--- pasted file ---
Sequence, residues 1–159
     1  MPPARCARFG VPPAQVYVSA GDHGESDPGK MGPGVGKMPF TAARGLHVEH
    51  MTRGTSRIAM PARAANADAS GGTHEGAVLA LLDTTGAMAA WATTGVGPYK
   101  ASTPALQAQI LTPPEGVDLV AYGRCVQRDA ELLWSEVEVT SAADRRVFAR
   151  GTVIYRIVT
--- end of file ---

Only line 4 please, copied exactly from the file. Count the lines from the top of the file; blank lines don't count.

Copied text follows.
   101  ASTPALQAQI LTPPEGVDLV AYGRCVQRDA ELLWSEVEVT SAADRRVFAR